How to Heal After Gum Surgery


Gum surgery, though necessary if your dentist has diagnosed advanced periodontal disease, can leave a painful aftermath. Yet you can make the healing process more comfortable and perhaps shorter by following the orders of your dentist. You can also avoid complications leading to infections that could complicate subsequent treatment, or possibly even lead to the removal of your teeth. If further infections due to irresponsible postoperative management spread throughout your body, death can result.

Things You'll Need

  • Antiseptic mouthwash
  • Toothpaste
  • Rubber tip
  • Nylon-coated toothbrush

Avoid rinsing or brushing during the first 24 hours after the surgery, as the Perio Post-Operative Instructions webpage, from the office of Dr. Bruno Paliani, points out. This is to give your mouth the rest time it needs after the operation has taken place.

Take all medications as your dentist has ordered, especially the antibiotics. According to Dr. Paliani's website, you must do this until the pills are gone.

Abstain from smoking, at least for the first three days. Dr. Paliani's handout says that 72 hours is the minimum, but also points out that your dentist may want you to stop for longer.

Resume brushing and rinsing. According to the instruction sheet, "Moisten a soft toothbrush under hot water and brush the surgical site first." After cleaning the spot where the surgery took place, brush the rest of your teeth as normal.

Use a rubber tip to reach around the gumline of each tooth under the postoperative packing. As the webpage points out, "Clean gently. Take care not to apply too much pressure."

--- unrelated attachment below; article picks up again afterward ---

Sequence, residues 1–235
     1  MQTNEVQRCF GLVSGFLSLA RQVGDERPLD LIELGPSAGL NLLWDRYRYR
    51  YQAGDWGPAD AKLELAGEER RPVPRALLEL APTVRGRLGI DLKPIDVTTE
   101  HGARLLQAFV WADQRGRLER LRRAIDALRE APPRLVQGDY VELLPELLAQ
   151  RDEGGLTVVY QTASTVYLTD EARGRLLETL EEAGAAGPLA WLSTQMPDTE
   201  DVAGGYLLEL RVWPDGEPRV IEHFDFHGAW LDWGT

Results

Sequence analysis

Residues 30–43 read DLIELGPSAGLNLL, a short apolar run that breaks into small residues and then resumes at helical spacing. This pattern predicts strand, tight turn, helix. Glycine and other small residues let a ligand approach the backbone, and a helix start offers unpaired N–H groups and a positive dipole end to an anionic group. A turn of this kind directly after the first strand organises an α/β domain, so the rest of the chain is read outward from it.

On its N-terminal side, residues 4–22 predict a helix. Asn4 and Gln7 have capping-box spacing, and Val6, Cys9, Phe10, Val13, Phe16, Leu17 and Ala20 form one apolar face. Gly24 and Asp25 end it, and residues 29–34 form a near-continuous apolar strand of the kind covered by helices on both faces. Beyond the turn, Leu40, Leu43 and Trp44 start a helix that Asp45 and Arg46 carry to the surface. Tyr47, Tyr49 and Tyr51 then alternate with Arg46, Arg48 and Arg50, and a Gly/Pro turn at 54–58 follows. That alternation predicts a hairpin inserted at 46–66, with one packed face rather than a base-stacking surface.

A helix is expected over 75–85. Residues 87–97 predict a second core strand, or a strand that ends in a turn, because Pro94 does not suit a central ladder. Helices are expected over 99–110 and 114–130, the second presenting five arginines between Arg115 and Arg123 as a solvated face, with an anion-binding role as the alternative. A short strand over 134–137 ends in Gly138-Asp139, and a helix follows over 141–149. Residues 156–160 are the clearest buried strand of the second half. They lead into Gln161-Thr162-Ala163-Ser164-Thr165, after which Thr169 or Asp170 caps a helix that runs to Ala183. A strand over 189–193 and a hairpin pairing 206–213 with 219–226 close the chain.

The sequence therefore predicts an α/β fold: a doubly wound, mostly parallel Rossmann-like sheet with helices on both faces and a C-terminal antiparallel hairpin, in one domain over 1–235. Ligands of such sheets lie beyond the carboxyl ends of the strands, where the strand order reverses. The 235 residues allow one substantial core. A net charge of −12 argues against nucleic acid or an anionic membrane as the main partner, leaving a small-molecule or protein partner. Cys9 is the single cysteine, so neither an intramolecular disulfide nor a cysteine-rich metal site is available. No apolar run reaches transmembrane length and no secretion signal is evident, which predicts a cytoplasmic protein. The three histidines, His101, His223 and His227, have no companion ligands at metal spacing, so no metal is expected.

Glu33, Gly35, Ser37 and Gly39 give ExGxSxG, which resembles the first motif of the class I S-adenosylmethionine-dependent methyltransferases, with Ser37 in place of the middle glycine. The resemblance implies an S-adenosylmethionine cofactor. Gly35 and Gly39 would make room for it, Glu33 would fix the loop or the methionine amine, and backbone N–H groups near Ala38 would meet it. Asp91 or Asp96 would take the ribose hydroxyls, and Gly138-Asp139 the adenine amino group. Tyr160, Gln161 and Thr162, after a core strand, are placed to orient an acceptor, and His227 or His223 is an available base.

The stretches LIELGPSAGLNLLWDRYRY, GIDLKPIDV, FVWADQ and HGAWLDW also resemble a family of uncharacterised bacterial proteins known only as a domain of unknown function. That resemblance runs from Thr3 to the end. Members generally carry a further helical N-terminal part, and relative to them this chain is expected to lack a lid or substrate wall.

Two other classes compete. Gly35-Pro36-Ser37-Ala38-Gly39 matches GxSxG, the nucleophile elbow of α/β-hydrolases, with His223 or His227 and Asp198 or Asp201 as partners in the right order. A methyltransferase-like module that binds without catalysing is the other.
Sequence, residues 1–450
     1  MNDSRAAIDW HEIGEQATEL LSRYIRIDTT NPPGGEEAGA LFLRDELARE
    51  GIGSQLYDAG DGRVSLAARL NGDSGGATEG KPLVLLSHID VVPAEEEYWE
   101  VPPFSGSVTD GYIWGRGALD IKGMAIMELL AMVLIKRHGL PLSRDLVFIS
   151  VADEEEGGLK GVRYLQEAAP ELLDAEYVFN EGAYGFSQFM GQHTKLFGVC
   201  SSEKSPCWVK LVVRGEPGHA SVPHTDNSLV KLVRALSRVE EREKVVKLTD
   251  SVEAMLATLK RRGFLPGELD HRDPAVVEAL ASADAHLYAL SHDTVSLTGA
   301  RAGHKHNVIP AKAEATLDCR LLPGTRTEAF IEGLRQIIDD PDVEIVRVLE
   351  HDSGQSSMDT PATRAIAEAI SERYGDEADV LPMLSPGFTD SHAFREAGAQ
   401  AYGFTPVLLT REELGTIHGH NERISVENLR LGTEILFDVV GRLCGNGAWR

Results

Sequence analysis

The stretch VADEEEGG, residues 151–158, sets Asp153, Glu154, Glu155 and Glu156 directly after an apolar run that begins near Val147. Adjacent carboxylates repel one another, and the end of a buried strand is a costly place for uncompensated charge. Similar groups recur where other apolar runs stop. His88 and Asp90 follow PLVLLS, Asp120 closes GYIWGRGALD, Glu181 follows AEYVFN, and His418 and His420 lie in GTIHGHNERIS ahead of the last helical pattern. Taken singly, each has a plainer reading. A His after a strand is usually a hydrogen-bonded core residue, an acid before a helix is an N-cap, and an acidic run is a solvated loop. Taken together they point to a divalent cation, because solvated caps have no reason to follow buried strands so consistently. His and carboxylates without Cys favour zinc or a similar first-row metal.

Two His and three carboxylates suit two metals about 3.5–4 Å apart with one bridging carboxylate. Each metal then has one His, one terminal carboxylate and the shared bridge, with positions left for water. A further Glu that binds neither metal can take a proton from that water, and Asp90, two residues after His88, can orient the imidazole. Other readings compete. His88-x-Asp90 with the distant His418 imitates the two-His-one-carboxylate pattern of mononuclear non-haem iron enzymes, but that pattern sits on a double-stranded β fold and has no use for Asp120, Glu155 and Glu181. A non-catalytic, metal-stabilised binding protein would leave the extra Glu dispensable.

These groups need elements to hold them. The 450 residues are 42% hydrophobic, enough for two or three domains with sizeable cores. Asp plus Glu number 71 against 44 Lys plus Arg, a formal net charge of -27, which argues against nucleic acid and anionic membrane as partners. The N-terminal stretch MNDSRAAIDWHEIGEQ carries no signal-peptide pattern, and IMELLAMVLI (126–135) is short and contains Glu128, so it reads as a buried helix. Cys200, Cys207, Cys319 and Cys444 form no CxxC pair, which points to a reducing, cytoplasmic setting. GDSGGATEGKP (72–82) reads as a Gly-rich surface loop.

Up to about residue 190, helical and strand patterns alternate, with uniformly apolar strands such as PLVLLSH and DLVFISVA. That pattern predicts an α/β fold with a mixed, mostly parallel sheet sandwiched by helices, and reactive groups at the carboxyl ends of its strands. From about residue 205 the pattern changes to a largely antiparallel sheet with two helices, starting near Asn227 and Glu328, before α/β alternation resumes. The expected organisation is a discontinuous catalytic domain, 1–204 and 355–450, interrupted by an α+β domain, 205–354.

Use the nylon-coated brush to reach spots too close together for the regular brush to reach. The website calls this "proxy brushing." Apply hot water to soften the bristles on the brush.

Rinse using a special mouthwash your dentist has prescribed. As the website states, use this mouth rinse three times daily, half a minute per time.

Tips & Warnings

  • Consume only liquids for the first three days to avoid contamination of the surgery site, according to the Office of Dr. Azeem Sheikh, authors of the Web publication "Patient Care Instructions."
  • Avoid heat of any kind. Use an ice pack, at least for the first 24 to 48 hours, as Dr. Sheikh's webpage advises. The authors of the website say that you should wrap ice in a cloth, applying it to your face in 20 minute intervals, in an on-and-off fashion.
  • Also, avoid chewing at all during the first two hours, when the site of the surgery feels numb, according to Dr. Sheikh's webpage. This is to avoid injury to the lips, tongue, or cheek.
  • Consult your dentist at the first sign of complication.

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